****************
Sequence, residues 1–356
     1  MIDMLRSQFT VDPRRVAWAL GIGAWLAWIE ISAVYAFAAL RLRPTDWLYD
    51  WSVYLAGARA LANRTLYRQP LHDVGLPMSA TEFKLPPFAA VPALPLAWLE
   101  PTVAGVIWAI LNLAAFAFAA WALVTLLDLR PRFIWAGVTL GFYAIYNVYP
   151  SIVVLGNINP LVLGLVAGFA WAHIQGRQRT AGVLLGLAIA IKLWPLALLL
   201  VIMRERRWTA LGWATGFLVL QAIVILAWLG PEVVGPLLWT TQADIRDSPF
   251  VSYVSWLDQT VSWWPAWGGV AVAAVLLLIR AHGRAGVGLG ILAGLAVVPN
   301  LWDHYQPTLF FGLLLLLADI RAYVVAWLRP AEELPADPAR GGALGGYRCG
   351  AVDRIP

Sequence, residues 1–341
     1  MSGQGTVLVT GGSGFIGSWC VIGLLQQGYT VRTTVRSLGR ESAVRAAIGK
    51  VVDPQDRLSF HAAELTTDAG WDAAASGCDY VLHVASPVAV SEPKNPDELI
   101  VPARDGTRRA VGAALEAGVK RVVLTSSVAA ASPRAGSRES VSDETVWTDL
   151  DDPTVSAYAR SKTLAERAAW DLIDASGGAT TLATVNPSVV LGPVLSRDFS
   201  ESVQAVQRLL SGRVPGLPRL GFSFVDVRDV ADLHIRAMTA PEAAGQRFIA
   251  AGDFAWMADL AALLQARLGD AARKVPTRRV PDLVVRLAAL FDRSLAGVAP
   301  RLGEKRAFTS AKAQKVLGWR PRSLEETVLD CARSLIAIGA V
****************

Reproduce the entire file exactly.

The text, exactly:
Sequence, residues 1–356
     1  MIDMLRSQFT VDPRRVAWAL GIGAWLAWIE ISAVYAFAAL RLRPTDWLYD
    51  WSVYLAGARA LANRTLYRQP LHDVGLPMSA TEFKLPPFAA VPALPLAWLE
   101  PTVAGVIWAI LNLAAFAFAA WALVTLLDLR PRFIWAGVTL GFYAIYNVYP
   151  SIVVLGNINP LVLGLVAGFA WAHIQGRQRT AGVLLGLAIA IKLWPLALLL
   201  VIMRERRWTA LGWATGFLVL QAIVILAWLG PEVVGPLLWT TQADIRDSPF
   251  VSYVSWLDQT VSWWPAWGGV AVAAVLLLIR AHGRAGVGLG ILAGLAVVPN
   301  LWDHYQPTLF FGLLLLLADI RAYVVAWLRP AEELPADPAR GGALGGYRCG
   351  AVDRIP

Sequence, residues 1–341
     1  MSGQGTVLVT GGSGFIGSWC VIGLLQQGYT VRTTVRSLGR ESAVRAAIGK
    51  VVDPQDRLSF HAAELTTDAG WDAAASGCDY VLHVASPVAV SEPKNPDELI
   101  VPARDGTRRA VGAALEAGVK RVVLTSSVAA ASPRAGSRES VSDETVWTDL
   151  DDPTVSAYAR SKTLAERAAW DLIDASGGAT TLATVNPSVV LGPVLSRDFS
   201  ESVQAVQRLL SGRVPGLPRL GFSFVDVRDV ADLHIRAMTA PEAAGQRFIA
   251  AGDFAWMADL AALLQARLGD AARKVPTRRV PDLVVRLAAL FDRSLAGVAP
   301  RLGEKRAFTS AKAQKVLGWR PRSLEETVLD CARSLIAIGA V